Human Fingerprints on Australia’s Record Heatwave
Australia — or at least Australia’s current government — downplays the danger of climate change. But, as a famous physicist once said, “reality must take precedence over public relations, for nature cannot be fooled.”
Last summer in Australia (corresponding to the winter months up here) broke many, many records. it was the hottest summer on record, contained the hottest month, and also the hottest day in Australian history. Now, the NY Times reports, five independent teams of researchers have reported that climate change contributed to the heat wave. The results seem to be unusually convincing:
“The evidence in those papers is very strong,” said Martin P. Hoerling, an American scientist with the National Oceanic and Atmospheric Administration who has often been skeptical of claimed links between weather events and global warming. . . .
“In the Australian case, computer analyses of a hypothetical climate without human-caused emissions were simply unable to produce a year as extreme as 2013, and other analytical methods yielded similar answers.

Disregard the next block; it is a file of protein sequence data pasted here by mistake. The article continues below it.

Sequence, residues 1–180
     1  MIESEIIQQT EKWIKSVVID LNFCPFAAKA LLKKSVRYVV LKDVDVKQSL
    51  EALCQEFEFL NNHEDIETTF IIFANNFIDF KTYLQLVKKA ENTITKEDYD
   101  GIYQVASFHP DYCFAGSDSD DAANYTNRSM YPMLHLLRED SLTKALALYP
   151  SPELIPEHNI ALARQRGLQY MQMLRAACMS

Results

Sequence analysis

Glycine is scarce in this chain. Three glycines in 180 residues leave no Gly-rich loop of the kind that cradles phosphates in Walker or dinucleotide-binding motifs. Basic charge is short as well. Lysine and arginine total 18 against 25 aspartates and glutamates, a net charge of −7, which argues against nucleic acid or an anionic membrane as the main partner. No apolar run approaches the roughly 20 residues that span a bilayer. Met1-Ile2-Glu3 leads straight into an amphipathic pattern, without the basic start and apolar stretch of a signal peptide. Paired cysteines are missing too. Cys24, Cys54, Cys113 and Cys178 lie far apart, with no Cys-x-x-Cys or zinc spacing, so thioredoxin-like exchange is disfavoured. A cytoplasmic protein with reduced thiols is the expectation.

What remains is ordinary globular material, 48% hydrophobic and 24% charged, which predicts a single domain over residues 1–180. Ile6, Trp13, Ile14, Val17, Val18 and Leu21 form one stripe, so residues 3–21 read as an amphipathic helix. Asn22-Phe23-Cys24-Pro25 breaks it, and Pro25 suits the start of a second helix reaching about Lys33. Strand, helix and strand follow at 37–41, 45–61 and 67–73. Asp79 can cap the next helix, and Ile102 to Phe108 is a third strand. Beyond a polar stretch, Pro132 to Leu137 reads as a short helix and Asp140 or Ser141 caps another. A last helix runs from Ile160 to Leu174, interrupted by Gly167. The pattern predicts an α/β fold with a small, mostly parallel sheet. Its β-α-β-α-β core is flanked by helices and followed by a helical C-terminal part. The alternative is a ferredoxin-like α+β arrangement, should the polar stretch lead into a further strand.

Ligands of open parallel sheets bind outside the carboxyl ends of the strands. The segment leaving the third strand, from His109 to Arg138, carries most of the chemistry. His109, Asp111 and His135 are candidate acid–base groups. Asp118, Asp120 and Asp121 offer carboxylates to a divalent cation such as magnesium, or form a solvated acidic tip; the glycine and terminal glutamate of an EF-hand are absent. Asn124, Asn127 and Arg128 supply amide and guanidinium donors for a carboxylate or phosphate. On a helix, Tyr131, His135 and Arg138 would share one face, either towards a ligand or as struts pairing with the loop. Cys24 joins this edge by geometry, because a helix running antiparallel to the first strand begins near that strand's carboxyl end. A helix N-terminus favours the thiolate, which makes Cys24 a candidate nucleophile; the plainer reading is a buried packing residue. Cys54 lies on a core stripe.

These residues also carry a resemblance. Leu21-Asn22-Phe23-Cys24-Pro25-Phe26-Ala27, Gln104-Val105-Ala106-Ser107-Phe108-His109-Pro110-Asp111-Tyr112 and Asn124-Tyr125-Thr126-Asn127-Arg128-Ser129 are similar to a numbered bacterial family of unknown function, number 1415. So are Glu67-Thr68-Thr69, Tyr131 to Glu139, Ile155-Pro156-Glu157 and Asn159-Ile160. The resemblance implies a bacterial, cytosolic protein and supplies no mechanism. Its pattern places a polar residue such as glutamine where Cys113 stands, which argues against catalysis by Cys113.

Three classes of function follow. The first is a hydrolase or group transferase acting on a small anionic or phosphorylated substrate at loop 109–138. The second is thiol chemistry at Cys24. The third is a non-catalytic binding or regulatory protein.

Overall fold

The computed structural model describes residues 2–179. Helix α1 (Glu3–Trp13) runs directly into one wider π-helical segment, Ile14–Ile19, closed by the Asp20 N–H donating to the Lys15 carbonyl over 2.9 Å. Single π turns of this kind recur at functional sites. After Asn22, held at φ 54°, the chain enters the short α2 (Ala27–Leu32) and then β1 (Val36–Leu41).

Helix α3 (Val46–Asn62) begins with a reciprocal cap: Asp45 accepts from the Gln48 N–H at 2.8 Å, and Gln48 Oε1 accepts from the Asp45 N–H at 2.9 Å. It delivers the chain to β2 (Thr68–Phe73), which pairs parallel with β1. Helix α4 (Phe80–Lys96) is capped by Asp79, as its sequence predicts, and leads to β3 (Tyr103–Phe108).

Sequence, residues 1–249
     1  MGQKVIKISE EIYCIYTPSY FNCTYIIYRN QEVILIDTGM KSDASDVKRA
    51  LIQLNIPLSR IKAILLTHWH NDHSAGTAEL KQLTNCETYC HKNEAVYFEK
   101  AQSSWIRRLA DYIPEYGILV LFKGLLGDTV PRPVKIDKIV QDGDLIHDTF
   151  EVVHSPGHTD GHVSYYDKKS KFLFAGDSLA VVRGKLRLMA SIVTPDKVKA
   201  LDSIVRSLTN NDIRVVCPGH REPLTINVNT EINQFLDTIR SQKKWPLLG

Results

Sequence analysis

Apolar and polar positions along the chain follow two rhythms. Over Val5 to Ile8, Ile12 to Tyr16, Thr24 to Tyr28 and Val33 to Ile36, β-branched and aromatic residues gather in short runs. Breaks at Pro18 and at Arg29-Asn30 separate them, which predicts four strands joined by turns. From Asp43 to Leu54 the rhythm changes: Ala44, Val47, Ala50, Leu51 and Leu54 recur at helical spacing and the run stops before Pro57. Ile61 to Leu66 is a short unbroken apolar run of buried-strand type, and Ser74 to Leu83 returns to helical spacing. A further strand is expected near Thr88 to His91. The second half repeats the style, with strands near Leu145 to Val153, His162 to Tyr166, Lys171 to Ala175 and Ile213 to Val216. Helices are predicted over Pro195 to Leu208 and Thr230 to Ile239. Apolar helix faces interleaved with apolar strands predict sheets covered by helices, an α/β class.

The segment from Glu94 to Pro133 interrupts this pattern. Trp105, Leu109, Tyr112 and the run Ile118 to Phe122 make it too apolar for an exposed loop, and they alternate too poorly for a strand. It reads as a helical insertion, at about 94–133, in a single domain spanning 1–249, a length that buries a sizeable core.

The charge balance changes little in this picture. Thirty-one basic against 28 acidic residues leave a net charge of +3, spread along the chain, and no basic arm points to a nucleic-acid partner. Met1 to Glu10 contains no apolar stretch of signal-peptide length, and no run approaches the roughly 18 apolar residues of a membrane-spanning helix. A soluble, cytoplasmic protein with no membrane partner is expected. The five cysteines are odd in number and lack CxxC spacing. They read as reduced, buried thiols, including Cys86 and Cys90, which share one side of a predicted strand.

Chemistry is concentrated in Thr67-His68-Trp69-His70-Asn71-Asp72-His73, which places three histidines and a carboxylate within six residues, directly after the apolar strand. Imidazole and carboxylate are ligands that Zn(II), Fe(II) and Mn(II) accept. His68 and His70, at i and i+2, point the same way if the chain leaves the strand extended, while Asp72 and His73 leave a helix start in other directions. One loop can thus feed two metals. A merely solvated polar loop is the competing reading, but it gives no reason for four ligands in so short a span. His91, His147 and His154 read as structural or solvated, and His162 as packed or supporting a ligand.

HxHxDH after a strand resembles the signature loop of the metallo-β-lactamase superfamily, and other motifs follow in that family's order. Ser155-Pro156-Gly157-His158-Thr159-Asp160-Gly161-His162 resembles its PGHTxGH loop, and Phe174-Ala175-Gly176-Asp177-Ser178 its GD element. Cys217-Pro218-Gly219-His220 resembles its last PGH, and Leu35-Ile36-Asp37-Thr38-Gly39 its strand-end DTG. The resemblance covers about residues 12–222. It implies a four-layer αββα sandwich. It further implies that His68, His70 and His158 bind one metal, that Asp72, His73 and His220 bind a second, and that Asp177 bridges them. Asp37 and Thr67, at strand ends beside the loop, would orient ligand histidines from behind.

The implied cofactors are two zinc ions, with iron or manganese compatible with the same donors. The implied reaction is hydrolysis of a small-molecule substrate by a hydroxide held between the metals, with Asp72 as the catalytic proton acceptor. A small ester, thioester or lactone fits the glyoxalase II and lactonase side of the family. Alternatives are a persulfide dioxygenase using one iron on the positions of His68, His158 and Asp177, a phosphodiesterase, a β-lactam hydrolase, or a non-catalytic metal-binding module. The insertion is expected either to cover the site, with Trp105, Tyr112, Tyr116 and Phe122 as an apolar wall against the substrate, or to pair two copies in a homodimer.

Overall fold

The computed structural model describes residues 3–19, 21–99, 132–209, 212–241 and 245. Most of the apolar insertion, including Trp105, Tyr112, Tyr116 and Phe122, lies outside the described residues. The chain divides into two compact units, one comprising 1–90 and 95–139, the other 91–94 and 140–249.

“But computer simulations that factored in those emissions and the warming they are causing showed an increasing likelihood of extraordinary heat waves in Australia.”
It’s also notable that other events have recently been cleared of any association with climate change or the evidence has been found to be inconclusive. Thus, scientists aren’t attributing every unusual weather event in sight to climate change. That adds credibility to the positive findings when they occur.
Basically, the bottom line is that the Australian heat wave was so far out outside the historic norm that it just couldn’t be attributed to natural fluctuations. Here’s a graphic that details some of its extraordinary features:
As climate change intensifies, these records themselves may be doomed to fall. Australians should take notice. As should the rest of us.
Dan Farber has written and taught on environmental and constitutional law as well as about contracts, jurisprudence and legislation. Currently at Berkeley Law, he has al…READ more